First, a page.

“It can be anything. Home issues. Food issues.” Singleton said. “Not sleeping because they have to take care of their younger sisters because their parents are working to make ends meet in the household.”
Knowing those things about her students meant she and other teachers knew to take them food when Hurricane Irma kept them away from what was likely their only meal of the day, school lunch.
While it makes intuitive sense that Walker-Thompson’s experience and Singleton’s community knowledge are helpful, you still might be asking what these things actually do. Nick Papageorge, an economist at Johns Hopkins University wanted to know, too.
“What we actually did was to look at about 100,000 black students in North Carolina,” Papageorge said.
These were kids between the third and fifth grades back in the 2000s. Papageorge was looking to see what happened when black students had black teachers in that window of time.
“We found that the impact was large, significant and quite striking,” Papageorge said.
What did he find? When black elementary school students, particularly boys receiving free or reduced lunch, had one black teacher, they were up to 40 percent more likely to later graduate from high school. A dataset from Tennessee schools bore out the same thing. So what’s going on?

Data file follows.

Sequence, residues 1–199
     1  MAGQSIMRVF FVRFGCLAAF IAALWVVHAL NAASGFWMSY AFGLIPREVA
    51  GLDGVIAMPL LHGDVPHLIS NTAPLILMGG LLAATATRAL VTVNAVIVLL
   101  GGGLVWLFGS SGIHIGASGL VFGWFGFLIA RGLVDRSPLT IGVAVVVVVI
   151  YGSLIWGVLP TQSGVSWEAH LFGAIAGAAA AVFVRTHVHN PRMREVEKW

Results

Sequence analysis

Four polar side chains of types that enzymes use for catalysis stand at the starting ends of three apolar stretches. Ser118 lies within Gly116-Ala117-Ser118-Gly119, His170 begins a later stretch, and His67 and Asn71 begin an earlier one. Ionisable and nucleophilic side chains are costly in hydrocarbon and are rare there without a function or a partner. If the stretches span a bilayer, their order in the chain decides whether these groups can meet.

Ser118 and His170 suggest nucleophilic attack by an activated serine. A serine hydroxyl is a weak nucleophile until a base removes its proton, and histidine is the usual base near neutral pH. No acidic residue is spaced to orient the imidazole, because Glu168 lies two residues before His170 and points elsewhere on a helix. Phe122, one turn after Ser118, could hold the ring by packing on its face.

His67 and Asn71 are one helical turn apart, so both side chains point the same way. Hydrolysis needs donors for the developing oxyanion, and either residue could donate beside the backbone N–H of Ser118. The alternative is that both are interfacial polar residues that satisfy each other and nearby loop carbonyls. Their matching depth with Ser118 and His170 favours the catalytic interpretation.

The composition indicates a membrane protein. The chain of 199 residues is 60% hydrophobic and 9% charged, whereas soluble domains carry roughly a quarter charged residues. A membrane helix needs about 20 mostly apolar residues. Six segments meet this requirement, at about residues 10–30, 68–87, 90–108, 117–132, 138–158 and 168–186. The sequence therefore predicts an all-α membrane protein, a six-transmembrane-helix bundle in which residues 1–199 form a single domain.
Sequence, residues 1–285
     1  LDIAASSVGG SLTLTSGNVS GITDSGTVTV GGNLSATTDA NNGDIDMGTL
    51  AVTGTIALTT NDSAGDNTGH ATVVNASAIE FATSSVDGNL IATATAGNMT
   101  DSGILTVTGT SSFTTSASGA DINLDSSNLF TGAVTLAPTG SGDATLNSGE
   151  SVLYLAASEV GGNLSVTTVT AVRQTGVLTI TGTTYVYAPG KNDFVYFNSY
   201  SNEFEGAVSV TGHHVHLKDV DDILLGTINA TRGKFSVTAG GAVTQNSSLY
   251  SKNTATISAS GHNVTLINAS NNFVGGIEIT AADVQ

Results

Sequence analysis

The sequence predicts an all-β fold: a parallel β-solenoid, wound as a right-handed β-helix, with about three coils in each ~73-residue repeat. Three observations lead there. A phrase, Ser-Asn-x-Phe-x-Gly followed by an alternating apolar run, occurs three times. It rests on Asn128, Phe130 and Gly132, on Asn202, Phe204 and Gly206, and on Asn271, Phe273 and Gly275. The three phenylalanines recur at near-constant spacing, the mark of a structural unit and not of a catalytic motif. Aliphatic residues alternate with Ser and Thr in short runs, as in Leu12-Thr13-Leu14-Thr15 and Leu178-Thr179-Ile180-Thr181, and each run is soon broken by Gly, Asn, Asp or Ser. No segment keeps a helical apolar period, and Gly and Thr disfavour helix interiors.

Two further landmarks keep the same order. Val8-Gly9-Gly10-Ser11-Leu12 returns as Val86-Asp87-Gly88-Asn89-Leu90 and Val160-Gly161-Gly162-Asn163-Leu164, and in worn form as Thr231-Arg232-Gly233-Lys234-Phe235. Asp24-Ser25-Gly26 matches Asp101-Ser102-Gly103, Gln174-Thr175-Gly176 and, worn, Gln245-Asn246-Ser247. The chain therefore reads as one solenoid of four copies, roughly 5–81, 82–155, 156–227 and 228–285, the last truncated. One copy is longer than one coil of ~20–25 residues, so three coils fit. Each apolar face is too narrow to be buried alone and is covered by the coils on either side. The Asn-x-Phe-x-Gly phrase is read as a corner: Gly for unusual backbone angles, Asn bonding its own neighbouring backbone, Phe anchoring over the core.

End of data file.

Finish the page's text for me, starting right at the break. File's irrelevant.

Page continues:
“It seems like there is a discrete kind of spark, information that these kids don't have that they need,” Papageorge said.
Jared Moore with one of his Freshman English students at Northeast High School in Macon. Moore graduated from Northeast and has wanted to be a teacher at the school since his school days. "Who better to do this job than me?" he asked. Credit: Grant Blankenship/GPB
So is it as simple as putting black students in front of any black teacher?
"That does not suggest in any way say you can just bring anybody who's not a teacher right now, who doesn't have the training, who doesn't have the experience and just because of the color of their skin they're going to have this huge positive impact," Papageorge said.
It looks like a black student really gets that spark best from a great black teacher.
By now this might sound like an argument for separate but equal schools. Papageorge says no way.
“No not at all,” he said. “What we found is that having one black teacher is really what does the trick."
Having even more black teachers didn’t ramp up the graduation rate. What’s more, the other students who benefited from having a black teacher in the study were upper class white kids.
But there’s still no denying that for majority black schools like Northeast, encouraging this sort of spark by recruiting alumni to teach has a side effect of discouraging classroom diversity. Joshua Starr from Educators Rising says it’s a necessary trade off. He compares pursuing diversity to chasing the schools we want whereas recruiting homegrown teachers is more like making the best out of the schools we have right now.
“I'd take the latter every time,” he said. “And the reason is they are real kids in real classes every day.”
Like the kids in Jared Moore’s freshman English class. Moore is adamant that he wants them to thrive like he did when he was their age. So if the question is who should teach his freshman, Moore counters with a question of his own.
“Who better than me to do that job?”